“Had I conceived when I wanted to…we never would have met Noah and Leif, our precious sons.”

After an entire summer of preparation, our license went active, and we took a couple of short-term placements. These were our first experiences as parents and had us seriously questioning our parenting abilities! But in December of 2022 we got a call about a four-month-old boy named Noah. Noah was in the ICU with significant health concerns. We weren’t given any idea how long he would stay with us or what his life would look like, and we were scared to commit to taking on a placement that held so much uncertainty. After visiting sweet Noah in the hospital and spending considerable time talking and praying about it, we decided we wanted to take this baby and give him a loving, nurturing home — something he had not yet experienced in his short life. 

Noah joined our family on December 16, 2022, and immediately, I became remarkably busy caring for him and taking him to all his appointments. We were so busy, in fact, that thinking of my own fertility was put on the back burner; it just wasn’t my priority anymore.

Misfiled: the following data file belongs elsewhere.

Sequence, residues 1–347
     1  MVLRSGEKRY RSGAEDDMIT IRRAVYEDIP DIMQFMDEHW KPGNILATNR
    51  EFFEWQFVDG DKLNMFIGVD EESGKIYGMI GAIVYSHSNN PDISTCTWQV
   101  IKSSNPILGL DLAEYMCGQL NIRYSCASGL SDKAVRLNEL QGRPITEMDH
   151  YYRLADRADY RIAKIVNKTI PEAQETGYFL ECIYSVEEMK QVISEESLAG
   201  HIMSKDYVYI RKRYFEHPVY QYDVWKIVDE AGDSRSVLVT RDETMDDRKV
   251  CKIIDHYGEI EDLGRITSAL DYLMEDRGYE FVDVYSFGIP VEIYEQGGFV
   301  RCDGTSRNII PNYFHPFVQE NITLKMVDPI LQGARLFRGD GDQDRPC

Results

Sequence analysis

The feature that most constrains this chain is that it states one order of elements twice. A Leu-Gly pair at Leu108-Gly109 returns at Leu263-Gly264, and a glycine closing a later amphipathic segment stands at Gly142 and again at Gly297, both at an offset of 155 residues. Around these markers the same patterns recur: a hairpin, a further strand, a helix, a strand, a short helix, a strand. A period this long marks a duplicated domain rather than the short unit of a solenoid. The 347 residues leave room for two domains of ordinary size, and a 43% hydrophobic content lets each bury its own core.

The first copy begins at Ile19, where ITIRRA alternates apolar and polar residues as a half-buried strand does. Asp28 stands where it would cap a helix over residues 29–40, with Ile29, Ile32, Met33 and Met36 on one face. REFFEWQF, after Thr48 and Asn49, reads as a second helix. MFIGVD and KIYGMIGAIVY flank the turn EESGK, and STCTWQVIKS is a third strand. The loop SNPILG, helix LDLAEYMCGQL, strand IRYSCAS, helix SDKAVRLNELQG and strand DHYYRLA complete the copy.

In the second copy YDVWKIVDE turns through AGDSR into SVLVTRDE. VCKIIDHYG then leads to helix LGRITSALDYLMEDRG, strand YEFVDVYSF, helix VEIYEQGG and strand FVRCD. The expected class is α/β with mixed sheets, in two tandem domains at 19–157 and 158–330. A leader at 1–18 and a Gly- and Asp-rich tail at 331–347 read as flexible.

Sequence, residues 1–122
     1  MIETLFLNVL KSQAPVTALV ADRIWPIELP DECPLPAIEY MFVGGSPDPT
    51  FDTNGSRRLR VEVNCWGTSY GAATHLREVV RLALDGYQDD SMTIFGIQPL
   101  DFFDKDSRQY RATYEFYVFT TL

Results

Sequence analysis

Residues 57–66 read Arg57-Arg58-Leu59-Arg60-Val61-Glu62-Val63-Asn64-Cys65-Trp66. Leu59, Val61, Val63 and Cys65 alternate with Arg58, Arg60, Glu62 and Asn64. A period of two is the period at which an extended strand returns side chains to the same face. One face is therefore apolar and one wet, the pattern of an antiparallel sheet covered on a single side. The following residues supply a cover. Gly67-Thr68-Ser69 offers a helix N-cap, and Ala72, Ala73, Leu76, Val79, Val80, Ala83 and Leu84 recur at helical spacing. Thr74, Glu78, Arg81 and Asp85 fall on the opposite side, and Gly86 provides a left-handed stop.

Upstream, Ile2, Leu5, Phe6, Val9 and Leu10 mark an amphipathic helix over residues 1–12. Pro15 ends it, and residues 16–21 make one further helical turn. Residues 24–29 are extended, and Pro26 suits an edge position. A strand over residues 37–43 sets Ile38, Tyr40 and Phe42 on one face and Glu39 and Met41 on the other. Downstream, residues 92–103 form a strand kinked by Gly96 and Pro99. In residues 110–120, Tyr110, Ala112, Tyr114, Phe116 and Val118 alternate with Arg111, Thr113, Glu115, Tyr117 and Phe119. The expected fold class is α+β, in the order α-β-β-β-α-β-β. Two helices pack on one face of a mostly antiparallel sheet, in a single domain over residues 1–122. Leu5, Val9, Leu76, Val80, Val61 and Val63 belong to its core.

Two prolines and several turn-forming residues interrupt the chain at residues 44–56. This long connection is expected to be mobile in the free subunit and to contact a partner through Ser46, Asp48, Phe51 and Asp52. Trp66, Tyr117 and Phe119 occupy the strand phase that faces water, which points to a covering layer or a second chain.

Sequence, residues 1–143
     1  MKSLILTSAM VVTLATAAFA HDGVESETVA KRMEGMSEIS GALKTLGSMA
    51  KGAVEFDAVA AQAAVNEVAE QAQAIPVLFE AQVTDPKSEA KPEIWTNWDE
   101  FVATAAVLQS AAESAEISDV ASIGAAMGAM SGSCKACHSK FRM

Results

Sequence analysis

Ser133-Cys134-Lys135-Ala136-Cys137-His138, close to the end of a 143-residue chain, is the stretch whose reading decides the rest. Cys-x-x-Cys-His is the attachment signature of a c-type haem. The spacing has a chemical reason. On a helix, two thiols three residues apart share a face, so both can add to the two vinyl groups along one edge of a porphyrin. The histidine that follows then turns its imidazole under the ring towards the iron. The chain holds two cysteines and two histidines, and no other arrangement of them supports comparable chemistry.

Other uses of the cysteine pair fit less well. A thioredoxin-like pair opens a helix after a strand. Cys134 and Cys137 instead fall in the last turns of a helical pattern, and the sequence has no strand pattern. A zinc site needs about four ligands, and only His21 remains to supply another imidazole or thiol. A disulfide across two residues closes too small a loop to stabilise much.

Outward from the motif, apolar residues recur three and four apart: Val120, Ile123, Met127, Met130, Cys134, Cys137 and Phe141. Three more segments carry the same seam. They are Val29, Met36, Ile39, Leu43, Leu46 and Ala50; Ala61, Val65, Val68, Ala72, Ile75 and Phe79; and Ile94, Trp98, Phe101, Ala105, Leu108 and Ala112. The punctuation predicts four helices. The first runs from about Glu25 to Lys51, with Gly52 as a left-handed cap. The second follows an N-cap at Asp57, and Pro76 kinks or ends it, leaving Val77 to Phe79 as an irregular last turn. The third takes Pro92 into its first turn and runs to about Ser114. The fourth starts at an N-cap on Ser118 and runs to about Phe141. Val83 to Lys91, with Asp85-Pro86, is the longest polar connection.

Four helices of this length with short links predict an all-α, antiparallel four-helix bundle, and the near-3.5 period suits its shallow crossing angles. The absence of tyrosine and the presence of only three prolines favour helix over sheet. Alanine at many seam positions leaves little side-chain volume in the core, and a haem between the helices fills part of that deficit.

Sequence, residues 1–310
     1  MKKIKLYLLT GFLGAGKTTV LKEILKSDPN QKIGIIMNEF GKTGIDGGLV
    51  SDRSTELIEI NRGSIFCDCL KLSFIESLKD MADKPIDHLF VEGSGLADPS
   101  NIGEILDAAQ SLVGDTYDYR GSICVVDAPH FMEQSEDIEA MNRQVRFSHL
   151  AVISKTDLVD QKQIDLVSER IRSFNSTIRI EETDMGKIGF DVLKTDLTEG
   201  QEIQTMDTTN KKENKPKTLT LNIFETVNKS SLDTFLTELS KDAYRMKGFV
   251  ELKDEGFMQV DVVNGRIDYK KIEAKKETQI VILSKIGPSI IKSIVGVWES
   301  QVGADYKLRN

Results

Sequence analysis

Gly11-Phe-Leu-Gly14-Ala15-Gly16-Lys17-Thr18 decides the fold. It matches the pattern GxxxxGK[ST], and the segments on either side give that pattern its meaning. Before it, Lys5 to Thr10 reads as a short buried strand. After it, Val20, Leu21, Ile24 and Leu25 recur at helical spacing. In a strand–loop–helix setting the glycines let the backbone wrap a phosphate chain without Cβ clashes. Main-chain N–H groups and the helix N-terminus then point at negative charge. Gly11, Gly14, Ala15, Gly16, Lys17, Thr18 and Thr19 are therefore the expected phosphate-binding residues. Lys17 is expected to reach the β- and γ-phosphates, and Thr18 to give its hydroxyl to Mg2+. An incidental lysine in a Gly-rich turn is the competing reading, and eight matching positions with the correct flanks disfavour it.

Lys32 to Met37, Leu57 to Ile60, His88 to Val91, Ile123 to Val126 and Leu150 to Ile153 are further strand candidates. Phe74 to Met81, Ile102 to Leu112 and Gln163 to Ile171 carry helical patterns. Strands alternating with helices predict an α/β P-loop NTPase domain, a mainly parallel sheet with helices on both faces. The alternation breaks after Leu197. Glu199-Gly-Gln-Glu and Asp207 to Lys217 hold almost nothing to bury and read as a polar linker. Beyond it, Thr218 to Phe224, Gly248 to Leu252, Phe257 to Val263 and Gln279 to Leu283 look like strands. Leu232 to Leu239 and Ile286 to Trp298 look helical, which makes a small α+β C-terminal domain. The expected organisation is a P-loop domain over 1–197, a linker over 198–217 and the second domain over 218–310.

On January 18, 2023, after a routine follow-up for Noah at Blank Children’s Hospital, we got a call from a surgeon informing us that Noah’s brain was bleeding and we needed to rush him to the hospital for emergency brain surgery. The surgery was successful, and I stayed with Noah during his recovery in Iowa City, two hours from our hometown. We were finally discharged and returned home on January 22. During my time in the hospital with Noah, I did not have any of my fertility medications or supplements (but like I said, I wasn’t focusing on that so much anymore).  

So many children have endured brokenness and trauma, and they need to be loved. If we as the church do not show them the Father’s love, who will? 

Little did I know that the Lord had everything perfectly planned. On February 2, just eleven days after our hospital discharge, I found out I was pregnant. We were overjoyed!